John Stafford (bishop)

Last updated
John Stafford
Archbishop of Canterbury
Primate of All England
Henry VI enthroned - British Library Royal MS 15 E vi f405r (detail).jpg
Henry VI enthroned. The leading figure at far left holding a mace/staff/baton with a purse (containing the Great Seal) attached to his waist appears to be the Lord Chancellor, those items being the symbols of his office. Possibly John Stafford (d.1452), Lord Chancellor (1432-1450) and Archbishop of Canterbury (1443-1452). Detail from "Talbot Shrewsbury Book", 1444-45
Appointed13 May 1443
Installedunknown
Term ended25 May 1452
Predecessor Henry Chichele
Successor John Kemp
Other posts Bishop of Bath and Wells
Orders
Consecrationtranslated 13 May 1443
Personal details
Died25 May 1452
Denomination Roman Catholic
Effigy of Emma, mother of Archbishop John Stafford(d.1452), North Bradley Church, Wiltshire. Inscription in ledger-line: hic jacet d(omin)a Emma mater Venerabilissimi patris et domini D(omi)ni Joh(ann)is Stafford dei gra(tia) Cantuariensis Archiepi(scopi) qu(a)e obiit quinto die mensis Septembris anno d(omi)ni Mille(n)simo ccc.mo quadra(gen)s(i)mo vi.o cui(us) anime p(ro)piciet(ur) de(us) am(en) ("Here lies Lady Emma mother of the most venerable father and lord, Lord John Stafford by the grace of God Archbishop of Canterbury, who died on the 5th day of the month of September in the one thousandth four hundredth and sixth year of our Lord, on whose soul may God look with favour amen" Effigy of Emma - North Bradley Church - Wiltshire.jpg
Effigy of Emma, mother of Archbishop John Stafford(d.1452), North Bradley Church, Wiltshire. Inscription in ledger-line: hic jacet d(omin)a Emma mater Venerabilissimi patris et domini D(omi)ni Joh(ann)is Stafford dei gra(tia) Cantuariensis Archiepi(scopi) qu(a)e obiit quinto die mensis Septembris anno d(omi)ni Mille(n)simo ccc.mo quadra(gen)s(i)mo vi.o cui(us) anime p(ro)piciet(ur) de(us) am(en) ("Here lies Lady Emma mother of the most venerable father and lord, Lord John Stafford by the grace of God Archbishop of Canterbury, who died on the 5th day of the month of September in the one thousandth four hundredth and sixth year of our Lord, on whose soul may God look with favour amen"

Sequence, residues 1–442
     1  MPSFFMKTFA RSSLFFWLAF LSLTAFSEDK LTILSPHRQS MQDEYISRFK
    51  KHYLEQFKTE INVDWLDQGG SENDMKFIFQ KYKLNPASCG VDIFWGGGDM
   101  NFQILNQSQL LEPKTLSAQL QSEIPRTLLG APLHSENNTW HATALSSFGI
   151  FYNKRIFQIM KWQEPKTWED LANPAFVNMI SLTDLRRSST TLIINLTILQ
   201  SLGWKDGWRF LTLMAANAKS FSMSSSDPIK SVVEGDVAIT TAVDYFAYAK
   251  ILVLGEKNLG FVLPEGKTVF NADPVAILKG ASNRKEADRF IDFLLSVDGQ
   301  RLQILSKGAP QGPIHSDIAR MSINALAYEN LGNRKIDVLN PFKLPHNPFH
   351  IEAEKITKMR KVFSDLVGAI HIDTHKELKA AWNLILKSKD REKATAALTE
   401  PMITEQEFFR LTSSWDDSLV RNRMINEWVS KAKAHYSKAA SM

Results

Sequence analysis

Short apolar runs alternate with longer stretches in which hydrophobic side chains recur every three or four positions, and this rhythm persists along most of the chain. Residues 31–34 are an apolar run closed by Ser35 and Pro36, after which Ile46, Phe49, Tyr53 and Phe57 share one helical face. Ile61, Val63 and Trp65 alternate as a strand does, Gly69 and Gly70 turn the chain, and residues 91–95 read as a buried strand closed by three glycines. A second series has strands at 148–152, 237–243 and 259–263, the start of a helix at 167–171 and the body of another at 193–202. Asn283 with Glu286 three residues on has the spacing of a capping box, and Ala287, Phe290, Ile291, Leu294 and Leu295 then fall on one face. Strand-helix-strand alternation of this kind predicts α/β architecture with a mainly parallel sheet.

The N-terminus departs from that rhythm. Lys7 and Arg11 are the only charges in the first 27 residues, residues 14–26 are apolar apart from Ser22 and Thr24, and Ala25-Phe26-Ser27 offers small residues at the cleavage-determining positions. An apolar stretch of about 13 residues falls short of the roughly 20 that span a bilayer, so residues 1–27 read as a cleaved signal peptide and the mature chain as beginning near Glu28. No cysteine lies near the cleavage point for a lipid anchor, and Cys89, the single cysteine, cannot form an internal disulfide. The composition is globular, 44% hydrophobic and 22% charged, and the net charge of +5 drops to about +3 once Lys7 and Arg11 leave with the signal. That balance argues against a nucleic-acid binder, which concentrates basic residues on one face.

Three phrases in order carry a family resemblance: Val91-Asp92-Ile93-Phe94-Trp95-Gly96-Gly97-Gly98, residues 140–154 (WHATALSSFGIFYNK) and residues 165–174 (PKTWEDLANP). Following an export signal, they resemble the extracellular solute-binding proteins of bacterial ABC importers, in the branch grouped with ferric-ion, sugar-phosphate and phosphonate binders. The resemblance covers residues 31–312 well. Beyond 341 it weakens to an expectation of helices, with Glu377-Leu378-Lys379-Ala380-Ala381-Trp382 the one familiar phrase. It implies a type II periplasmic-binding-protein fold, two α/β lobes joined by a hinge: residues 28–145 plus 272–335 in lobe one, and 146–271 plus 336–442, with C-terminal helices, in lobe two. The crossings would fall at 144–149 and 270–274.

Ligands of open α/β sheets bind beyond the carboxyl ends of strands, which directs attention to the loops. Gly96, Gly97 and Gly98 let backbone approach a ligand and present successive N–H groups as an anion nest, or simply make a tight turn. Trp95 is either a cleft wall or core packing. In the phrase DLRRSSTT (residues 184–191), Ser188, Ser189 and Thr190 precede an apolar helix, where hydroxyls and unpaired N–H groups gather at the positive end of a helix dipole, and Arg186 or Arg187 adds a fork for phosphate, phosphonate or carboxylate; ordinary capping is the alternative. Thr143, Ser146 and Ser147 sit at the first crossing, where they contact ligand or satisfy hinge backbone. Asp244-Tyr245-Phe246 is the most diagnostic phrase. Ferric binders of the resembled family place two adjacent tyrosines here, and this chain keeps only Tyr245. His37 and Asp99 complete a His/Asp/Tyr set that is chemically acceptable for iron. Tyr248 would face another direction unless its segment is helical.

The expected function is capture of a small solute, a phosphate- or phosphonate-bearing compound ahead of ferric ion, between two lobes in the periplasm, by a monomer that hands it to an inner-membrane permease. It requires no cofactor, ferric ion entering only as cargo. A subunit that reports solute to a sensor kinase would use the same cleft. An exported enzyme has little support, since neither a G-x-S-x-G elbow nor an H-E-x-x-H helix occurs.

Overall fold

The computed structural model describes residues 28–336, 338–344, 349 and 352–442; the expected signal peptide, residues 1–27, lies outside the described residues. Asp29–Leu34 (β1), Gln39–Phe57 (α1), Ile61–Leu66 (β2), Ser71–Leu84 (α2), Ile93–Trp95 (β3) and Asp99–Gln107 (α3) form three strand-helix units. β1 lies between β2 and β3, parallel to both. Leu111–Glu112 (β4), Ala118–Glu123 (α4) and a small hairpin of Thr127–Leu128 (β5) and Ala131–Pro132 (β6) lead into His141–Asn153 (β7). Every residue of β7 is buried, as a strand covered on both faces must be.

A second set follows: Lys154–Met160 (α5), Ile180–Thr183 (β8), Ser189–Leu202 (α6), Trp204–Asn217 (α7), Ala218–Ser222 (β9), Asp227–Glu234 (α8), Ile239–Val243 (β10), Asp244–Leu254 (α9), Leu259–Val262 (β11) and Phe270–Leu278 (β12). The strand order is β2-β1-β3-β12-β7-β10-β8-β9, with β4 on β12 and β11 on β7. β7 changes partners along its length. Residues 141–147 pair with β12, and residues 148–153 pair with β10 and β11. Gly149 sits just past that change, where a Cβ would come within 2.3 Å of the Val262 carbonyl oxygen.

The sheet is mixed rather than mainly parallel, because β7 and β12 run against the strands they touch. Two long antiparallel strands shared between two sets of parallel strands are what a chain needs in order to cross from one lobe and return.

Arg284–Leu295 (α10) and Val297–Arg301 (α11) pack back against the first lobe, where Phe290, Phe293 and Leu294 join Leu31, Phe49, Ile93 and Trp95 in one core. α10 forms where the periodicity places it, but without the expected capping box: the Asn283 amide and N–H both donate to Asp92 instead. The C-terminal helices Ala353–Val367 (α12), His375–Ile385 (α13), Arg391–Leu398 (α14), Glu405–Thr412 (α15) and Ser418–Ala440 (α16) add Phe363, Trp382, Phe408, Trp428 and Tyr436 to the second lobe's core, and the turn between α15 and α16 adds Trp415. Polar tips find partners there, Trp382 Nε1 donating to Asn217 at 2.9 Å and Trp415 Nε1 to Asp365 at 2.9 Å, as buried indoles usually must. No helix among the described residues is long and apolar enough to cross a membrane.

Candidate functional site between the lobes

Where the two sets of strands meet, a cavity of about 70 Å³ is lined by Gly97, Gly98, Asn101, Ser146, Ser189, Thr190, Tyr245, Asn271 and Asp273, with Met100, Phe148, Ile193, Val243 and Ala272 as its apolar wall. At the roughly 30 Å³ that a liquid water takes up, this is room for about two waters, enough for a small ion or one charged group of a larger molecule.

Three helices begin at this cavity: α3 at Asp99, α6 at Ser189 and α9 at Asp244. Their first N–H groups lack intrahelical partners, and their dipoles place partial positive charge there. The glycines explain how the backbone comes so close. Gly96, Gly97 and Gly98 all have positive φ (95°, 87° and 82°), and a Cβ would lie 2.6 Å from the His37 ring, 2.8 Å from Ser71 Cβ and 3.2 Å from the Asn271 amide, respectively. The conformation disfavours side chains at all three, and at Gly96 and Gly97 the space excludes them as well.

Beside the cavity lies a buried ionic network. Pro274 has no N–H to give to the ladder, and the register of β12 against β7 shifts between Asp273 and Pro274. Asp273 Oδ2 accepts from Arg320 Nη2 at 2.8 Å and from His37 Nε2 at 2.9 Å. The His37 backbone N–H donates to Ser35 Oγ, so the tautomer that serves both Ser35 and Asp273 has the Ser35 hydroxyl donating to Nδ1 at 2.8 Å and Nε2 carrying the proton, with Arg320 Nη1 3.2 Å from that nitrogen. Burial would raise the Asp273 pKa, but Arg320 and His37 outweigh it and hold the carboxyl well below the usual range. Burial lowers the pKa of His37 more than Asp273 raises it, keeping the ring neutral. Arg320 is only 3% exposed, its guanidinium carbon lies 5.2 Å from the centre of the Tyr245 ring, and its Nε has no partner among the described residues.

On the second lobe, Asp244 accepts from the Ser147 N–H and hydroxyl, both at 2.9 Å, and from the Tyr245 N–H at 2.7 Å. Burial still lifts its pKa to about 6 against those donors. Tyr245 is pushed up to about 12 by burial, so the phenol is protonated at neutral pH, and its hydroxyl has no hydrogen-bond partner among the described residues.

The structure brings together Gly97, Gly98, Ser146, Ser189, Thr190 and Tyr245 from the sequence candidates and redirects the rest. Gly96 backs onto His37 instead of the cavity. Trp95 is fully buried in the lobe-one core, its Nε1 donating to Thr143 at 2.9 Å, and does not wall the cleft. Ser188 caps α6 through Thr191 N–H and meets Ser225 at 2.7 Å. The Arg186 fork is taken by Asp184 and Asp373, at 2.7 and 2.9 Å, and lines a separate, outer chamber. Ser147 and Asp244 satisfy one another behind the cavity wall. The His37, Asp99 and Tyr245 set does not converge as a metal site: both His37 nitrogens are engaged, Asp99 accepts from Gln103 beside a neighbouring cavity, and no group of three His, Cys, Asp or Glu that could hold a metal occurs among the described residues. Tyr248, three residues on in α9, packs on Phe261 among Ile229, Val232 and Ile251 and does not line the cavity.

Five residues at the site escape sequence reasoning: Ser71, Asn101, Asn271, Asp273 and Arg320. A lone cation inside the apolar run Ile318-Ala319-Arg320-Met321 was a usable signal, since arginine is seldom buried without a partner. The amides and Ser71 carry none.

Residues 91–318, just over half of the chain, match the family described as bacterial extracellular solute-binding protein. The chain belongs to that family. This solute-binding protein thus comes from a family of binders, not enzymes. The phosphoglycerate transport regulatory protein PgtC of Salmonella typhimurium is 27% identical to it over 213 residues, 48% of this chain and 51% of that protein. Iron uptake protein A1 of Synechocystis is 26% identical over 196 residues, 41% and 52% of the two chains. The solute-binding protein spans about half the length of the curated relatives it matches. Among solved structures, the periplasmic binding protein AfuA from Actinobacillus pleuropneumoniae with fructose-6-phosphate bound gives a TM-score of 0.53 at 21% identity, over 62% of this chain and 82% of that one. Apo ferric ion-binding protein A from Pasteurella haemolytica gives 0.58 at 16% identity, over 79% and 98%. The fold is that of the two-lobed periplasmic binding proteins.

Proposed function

John Stafford (died 25 May 1452) was a medieval English prelate and statesman who served as Lord Chancellor (1432–1450) and as Archbishop of Canterbury (1443–1452).

Contents

Early life and education

Stafford was the illegitimate son of Sir Humphrey Stafford of Southwick, a Wiltshire squire, and required papal permission before he became the rector of Farmborough, vicar of Bathampton and prebendary of Wells. [1]

He was educated at the University of Oxford. [2]

Career

Stafford was appointed Dean of Arches in 1419 and served as Archdeacon of Salisbury from 1419 to 1421. From 1423 to 1424 he was Dean of Wells.

He came to note under Henry VI, becoming Lord Privy Seal in 1421 [3] and Lord High Treasurer the following year. [4] He was Lord Chancellor from 1432 to 1450. [5]

On 18 December 1424 Pope Martin V made him Bishop of Bath and Wells, and he was consecrated on 27 May 1425. [6] Pope Eugene IV made him Archbishop of Canterbury in May 1443, a position he held until his death on 25 May 1452. [7] He steered an even course between parties as a moderate man and useful official.

His grand nephew Humphrey Stafford of Hooke rose in prominence in the King's party thereafter.

Further reading

Citations

  1. Dunning, Robert (2005). A Somerset Miscellany. Tiverton: Somerset Books. pp.  32–33. ISBN   0-86183-427-5.
  2. Davies, R.G. (2004). "Stafford, John (d. 1452)" . Oxford Dictionary of National Biography (online) (online ed.). Oxford University Press. doi:10.1093/ref:odnb/26209.(Subscription or UK public library membership required.)
  3. Fryde, et al. Handbook of British Chronology p. 95
  4. Fryde, et al. Handbook of British Chronology p. 106
  5. Fryde, et al. Handbook of British Chronology p. 87
  6. Fryde, et al. Handbook of British Chronology p. 228
  7. Fryde, et al. Handbook of British Chronology p. 233

Related Research Articles

Thomas Bourchier (cardinal) 15th-century Archbishop of Canterbury, Chancellor of England, and cardinal